Ready to thrive on its own but still waiting for the launch date

Marc Sidwell
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IT IS A slow year for IPOs, so hopes of a Direct Line Group flotation are high, even as it awaits final confirmation.

Direct Line is keen to stress the extent to which it has now prepared itself to operate separately from RBS Group, but it should also still benefit from the connection. A five-year agreement for it to continue to provide general insurance products to RBS is expected to be finalised later this month. It’s a good sign, especially alongside its recent agreements to extend its contracts with Nationwide Building Society and Sainsbury’s Bank.

The separation is not without short-term costs – profit before tax is down £81m compared to the first half of 2011 as a result. The group is committed to making gross cost savings of £100m annually by the end of 2014, although this represents less than 10 per cent of its 2011 cost base. Perhaps more important for its fortunes after it goes its own way is its new, open-ended aim of a return on tangible equity of 15 per cent. That may seem ambitious, with the current annualised 2012 figure at 10.2 per cent, but it was apparently brought down from 12.1 per cent by the £800m in dividends paid to RBS and £500m of debt issuance.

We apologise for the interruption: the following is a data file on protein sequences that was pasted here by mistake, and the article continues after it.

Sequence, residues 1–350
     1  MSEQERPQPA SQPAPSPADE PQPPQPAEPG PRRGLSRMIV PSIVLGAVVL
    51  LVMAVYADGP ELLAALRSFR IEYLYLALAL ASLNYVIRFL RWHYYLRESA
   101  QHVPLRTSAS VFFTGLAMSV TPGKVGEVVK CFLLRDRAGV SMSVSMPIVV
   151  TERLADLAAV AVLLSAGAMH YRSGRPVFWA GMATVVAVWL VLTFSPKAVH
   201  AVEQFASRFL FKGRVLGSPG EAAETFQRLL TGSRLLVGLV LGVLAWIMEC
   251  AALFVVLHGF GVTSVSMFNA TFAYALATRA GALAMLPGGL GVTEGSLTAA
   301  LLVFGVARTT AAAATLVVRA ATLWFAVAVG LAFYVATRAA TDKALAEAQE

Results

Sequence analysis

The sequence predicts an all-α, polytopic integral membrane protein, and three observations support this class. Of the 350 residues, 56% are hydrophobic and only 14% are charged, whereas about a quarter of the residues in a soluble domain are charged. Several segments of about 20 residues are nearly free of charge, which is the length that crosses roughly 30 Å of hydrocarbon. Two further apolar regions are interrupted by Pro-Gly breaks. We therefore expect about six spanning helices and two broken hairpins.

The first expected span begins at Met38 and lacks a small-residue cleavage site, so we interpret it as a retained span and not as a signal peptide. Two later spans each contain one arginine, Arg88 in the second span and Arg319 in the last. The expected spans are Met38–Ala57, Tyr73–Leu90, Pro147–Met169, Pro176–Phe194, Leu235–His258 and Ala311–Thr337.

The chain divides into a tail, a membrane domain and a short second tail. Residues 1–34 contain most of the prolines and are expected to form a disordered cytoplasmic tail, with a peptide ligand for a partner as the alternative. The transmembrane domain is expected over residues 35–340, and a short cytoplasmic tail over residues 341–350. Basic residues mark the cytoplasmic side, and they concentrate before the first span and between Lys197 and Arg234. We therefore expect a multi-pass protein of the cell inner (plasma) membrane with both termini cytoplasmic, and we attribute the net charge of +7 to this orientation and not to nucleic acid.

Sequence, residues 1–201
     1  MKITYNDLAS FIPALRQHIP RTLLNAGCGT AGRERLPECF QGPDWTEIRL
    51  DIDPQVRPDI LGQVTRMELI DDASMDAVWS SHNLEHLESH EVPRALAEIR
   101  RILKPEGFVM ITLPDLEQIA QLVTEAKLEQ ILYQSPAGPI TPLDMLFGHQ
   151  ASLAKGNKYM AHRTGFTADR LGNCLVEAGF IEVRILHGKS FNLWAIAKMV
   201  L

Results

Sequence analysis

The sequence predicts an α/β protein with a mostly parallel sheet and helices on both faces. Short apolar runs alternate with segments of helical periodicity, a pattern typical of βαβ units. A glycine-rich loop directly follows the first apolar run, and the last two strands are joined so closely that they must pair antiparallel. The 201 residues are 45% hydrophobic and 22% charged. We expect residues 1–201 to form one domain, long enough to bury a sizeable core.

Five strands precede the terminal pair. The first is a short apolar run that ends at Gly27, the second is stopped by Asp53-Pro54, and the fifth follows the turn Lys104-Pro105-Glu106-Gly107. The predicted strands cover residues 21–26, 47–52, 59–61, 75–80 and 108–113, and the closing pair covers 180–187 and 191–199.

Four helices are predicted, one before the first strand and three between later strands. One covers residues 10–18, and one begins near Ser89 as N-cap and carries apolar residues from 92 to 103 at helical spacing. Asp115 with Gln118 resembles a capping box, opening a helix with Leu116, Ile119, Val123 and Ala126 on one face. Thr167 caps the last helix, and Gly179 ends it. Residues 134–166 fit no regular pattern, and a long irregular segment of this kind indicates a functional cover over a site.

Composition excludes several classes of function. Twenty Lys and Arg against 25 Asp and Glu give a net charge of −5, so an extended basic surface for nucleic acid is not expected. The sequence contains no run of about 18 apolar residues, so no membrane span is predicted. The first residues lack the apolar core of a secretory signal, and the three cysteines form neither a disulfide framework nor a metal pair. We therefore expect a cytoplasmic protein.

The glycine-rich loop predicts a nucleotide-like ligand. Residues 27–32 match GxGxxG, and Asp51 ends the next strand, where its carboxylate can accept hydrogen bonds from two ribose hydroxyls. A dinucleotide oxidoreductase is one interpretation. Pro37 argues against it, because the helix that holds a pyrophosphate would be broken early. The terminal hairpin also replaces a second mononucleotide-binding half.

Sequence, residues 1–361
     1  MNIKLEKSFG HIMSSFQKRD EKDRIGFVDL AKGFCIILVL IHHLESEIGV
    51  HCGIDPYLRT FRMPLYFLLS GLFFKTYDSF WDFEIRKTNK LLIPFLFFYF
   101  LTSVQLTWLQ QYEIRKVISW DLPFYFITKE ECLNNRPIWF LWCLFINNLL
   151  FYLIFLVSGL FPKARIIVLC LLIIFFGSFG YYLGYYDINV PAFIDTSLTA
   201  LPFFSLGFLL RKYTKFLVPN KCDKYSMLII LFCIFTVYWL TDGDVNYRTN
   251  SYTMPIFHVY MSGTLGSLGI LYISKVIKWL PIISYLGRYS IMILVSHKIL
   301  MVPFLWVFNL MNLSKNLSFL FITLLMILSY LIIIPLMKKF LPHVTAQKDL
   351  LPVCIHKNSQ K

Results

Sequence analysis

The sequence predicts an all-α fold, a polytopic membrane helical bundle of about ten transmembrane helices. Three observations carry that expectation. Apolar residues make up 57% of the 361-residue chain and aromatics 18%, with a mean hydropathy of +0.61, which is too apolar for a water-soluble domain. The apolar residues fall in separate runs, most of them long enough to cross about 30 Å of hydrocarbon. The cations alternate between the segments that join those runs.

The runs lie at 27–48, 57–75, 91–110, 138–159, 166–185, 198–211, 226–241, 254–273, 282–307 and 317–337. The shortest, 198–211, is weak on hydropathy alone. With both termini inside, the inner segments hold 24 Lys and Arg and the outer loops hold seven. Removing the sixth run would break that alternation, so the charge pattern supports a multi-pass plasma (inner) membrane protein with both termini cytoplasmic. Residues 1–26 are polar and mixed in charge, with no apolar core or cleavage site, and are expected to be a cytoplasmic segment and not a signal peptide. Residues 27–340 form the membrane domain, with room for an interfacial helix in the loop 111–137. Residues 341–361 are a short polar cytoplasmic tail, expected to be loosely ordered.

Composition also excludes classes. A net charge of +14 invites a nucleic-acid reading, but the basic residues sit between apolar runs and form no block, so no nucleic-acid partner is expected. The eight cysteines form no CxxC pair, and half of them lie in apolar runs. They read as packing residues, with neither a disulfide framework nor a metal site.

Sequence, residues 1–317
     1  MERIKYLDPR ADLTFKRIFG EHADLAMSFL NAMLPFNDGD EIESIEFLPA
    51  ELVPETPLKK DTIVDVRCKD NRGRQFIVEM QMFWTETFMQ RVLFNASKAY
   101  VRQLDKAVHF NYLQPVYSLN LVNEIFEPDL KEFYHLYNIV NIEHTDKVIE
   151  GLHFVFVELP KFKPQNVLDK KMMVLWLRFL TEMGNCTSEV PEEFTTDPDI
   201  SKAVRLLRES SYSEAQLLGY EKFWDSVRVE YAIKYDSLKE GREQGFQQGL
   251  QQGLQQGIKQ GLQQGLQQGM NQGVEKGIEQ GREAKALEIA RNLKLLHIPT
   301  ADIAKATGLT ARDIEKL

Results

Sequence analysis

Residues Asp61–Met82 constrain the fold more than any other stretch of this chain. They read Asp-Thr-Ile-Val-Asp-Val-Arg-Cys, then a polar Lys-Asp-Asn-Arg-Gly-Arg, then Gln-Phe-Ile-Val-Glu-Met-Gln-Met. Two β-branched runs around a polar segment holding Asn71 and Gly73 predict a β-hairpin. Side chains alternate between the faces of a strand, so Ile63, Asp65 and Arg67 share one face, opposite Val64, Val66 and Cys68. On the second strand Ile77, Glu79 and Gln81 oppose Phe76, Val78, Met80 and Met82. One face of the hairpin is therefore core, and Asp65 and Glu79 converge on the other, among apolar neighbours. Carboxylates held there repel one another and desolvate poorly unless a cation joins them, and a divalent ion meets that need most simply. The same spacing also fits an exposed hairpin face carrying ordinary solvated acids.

Together with an operating profit for the first half of 2012 of £224.2m, up seven per cent on the same period of 2011, it all suggests that Direct Line Group could have a promising future going its own way. So long, of course, as all this doesn’t make it too tempting a bargain for private equity to resist.